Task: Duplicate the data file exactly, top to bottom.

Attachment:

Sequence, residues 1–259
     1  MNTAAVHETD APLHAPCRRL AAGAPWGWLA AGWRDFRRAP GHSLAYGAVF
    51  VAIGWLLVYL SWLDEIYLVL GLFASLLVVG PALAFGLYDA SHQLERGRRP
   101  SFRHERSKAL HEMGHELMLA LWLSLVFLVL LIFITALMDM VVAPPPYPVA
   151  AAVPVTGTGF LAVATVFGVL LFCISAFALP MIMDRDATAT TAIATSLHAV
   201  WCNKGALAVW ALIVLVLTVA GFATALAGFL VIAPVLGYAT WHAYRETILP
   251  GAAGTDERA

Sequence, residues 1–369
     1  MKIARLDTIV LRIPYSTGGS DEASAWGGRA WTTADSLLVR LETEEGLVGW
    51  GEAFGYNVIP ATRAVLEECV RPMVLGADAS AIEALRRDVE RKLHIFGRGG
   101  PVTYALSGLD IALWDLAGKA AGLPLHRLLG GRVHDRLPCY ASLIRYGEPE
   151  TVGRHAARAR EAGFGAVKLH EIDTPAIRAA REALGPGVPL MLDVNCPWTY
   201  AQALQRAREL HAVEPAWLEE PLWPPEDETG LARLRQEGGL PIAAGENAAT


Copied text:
Sequence, residues 1–259
     1  MNTAAVHETD APLHAPCRRL AAGAPWGWLA AGWRDFRRAP GHSLAYGAVF
    51  VAIGWLLVYL SWLDEIYLVL GLFASLLVVG PALAFGLYDA SHQLERGRRP
   101  SFRHERSKAL HEMGHELMLA LWLSLVFLVL LIFITALMDM VVAPPPYPVA
   151  AAVPVTGTGF LAVATVFGVL LFCISAFALP MIMDRDATAT TAIATSLHAV
   201  WCNKGALAVW ALIVLVLTVA GFATALAGFL VIAPVLGYAT WHAYRETILP
   251  GAAGTDERA

Sequence, residues 1–369
     1  MKIARLDTIV LRIPYSTGGS DEASAWGGRA WTTADSLLVR LETEEGLVGW
    51  GEAFGYNVIP ATRAVLEECV RPMVLGADAS AIEALRRDVE RKLHIFGRGG
   101  PVTYALSGLD IALWDLAGKA AGLPLHRLLG GRVHDRLPCY ASLIRYGEPE
   151  TVGRHAARAR EAGFGAVKLH EIDTPAIRAA REALGPGVPL MLDVNCPWTY
   201  AQALQRAREL HAVEPAWLEE PLWPPEDETG LARLRQEGGL PIAAGENAAT